A.P. Economics – 2022-23
Introduction & Course Expectations
Economics is the study of how limited resources are allocated among businesses and individuals with unlimited wants. Microeconomics studies how individuals, households and businesses act or react to these forces while macroeconomics looks at the economy as a whole. The A. P. Economics course is a full-year college level course. It begins with introductory concepts, followed by microeconomics in the first semester and then macroeconomics in the second semester. The college board describes the courses as follows:
“The purpose of the AP course in microeconomics is to give students a thorough understanding of the principles of economics that apply to the functions of individual decision makers, both consumers and producers, within the economic system. It places primary emphasis on the nature and functions of product markets, and includes the study of factor markets and the role of government in promoting greater efficiency and equity in the economy. The purpose of the AP course in macroeconomics is to give students a thorough understanding of the principles of economics that apply to an economic system as a whole. It places particular emphasis on the study of national income and price-level determination, and also develops students’ familiarity with economic performance measures, the financial sector, stabilization policies, economic growth, and international economics”
There are separate exams in May for each course with macroeconomics at 8 am on Thursday May 4th and microeconomics at noon on Friday May 5th.
My official office hours are during Orange & Blue blocks. Room 137 is in use during Orange block so I will typically be somewhere on the first floor. I am also available before and after school. Regardless, I consider it my charge as a teacher to help you so feel free to come by or reach out anytime.
This is a test based course and testing will represent 80% of your grades. Homework is 20% of your grade and is an opportunity to raise your overall grade.
All materials are due at the beginning of class. If you are absent, you are required to check the website for assignments you have missed and all work is due upon your return. If you have extenuating circumstances, contact me immediately. The more proactive you are, the more forgiving I may be!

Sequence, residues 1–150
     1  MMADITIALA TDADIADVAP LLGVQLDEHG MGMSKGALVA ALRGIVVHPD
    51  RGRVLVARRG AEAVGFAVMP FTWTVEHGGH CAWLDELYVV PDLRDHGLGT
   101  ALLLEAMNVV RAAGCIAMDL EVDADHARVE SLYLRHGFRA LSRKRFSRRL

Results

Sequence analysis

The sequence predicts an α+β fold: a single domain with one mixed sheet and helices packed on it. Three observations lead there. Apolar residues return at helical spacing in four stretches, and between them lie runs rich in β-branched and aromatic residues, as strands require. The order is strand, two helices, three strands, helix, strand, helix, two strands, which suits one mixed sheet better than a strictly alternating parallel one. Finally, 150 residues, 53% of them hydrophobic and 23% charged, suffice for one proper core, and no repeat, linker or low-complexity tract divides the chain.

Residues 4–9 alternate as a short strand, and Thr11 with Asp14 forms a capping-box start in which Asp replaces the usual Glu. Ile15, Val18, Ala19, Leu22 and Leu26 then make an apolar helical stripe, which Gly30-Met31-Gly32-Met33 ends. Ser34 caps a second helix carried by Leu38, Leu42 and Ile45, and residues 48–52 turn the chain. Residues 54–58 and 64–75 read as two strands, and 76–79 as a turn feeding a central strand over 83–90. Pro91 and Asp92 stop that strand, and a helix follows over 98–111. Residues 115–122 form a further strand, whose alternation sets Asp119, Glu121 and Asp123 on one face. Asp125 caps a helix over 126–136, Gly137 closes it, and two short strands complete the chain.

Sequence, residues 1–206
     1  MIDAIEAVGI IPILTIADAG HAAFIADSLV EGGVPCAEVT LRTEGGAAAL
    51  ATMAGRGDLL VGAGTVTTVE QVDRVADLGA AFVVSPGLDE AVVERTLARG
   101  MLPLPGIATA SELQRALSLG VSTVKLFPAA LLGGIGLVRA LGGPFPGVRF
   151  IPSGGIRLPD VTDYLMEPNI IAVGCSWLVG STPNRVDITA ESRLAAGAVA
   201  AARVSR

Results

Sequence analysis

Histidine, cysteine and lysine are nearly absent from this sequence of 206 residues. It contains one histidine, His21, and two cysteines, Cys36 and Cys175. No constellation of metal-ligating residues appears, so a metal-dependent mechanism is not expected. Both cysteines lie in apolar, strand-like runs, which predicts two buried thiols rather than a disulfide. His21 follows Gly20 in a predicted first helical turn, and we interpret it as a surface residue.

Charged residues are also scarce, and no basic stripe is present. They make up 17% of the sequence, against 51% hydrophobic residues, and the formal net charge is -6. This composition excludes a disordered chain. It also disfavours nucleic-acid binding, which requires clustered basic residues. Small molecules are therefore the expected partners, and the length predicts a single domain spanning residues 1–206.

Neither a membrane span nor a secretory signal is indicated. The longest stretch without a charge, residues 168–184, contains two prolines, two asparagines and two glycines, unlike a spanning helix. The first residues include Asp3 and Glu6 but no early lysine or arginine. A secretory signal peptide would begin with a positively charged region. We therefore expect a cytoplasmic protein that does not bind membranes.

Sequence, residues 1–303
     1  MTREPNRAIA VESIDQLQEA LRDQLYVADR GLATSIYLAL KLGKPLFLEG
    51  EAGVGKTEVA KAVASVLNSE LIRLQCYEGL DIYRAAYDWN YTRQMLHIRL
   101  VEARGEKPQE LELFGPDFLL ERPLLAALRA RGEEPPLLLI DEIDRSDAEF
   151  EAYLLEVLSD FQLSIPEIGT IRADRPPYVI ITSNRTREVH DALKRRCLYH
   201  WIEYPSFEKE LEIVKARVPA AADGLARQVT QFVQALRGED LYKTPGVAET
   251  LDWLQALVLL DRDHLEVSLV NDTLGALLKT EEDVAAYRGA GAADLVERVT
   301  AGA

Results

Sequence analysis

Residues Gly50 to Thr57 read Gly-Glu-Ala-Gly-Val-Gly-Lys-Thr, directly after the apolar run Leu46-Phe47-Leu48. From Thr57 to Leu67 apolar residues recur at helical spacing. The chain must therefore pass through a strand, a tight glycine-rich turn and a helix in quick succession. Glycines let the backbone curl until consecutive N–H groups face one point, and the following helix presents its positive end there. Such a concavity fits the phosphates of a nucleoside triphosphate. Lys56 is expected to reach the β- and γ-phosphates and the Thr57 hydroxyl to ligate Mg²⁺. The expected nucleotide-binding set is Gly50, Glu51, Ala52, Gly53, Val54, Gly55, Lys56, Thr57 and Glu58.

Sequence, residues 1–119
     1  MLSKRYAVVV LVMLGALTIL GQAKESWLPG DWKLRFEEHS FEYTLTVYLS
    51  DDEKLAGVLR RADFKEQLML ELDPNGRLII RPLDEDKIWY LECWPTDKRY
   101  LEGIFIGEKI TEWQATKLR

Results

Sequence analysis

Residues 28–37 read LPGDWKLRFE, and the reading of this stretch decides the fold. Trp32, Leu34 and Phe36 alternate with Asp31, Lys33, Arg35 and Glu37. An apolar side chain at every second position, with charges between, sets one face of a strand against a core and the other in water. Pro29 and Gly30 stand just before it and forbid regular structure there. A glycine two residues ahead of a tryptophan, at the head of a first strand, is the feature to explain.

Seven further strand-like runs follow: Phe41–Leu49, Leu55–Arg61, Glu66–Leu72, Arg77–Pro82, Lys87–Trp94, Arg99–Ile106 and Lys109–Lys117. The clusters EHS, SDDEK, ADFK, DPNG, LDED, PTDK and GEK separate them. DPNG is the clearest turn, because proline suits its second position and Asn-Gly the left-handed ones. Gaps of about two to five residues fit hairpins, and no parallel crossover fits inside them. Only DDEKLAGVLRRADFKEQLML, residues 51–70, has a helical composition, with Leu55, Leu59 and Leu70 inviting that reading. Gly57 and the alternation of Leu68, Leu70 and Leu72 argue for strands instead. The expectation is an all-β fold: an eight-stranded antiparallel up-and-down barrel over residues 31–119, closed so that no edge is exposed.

The textbook will be Krugman’s Economics for AP by Margaret Ray and David Anderson, First edition. There will also be hand-outs, Power Points, and other assorted materials. These materials will be assessable on the class website on Canvas and students are required to maintain notebooks of their work.
Policies and procedures:
- Be on time to class or online – this means in your seat with your notebooks and materials on your desk ready to go.
- Daily attendance is critical to success in class so avoid scheduling conflicts.
- Do not pack up you stuff before the end of class!!! We will continue working to the bell.
- Take copious notes – you will have multiple explanations to the material so I try to give my own interpretation. This means what is discussed in class may not be found elsewhere.
- See student handbook for other issues.
A strong work ethic is critical to excel in this class. Economics is a conceptual course that is built upon a foundation, so you must be diligent from the get-go. Having said this, I am confident that those with excellent work habits and a strong work ethic will do very well. In addition to a strong work ethic, having an interest in, and an enthusiasm for, studying economics is of vital importance. Economics is an exciting field and understanding the concepts can change the way you look at the world!
- Basic Economic Concepts.
- Scarcity, choice & opportunity costs.
- Production possibilities curve.
- Absolute and comparative advantages, trade.
- Economic systems
- Marginal analysis
- Supply and demand.
- Price and quantity controls.
- Surplus, deadweight loss and efficiency.
- Consumer choice.
- Production, revenues and costs.
- Short run and long run production.
- Marginal product and diminishing returns.
- Short run costs
- Long run costs and economies of scale.
- Productive efficiency.
- Market structure.
- Perfect competition.
- Oligopoly and game theory.
- Monopolistic competition.
- Factor markets.
- Derived factor demand.
- Marginal revenue product.
- Hiring and input decisions.
- Market distribution of income.
- Market failure and the role of government.
- Public goods.
- Public policy to promote competition.
- Income distribution.
- Supply and demand.
- Basic Economic Concepts – see mincroeconomics.
- Economic performance.
- National income accounts.
- National income and price determination.
- Aggregate demand.
- Aggregate supply.
- Macroeconomic equilibrium.
- Financial sector.
- Money, banking and financial markets.
- Loanable funds market.
- Central banks and money supply.
- Stabilization policies.
- Fiscal and monetary policies.
- The Phillip’s curve.
- Economic growth.
- International trade.
- Balance of payments.
- Foreign exchange markets.
- Imports and exports.
The syllabus page shows a table-oriented view of the course schedule, and the basics of course grading. You can add any other comments, notes, or thoughts you have about the course structure, course policies or anything else.
To add some comments, click the "Edit" link at the top.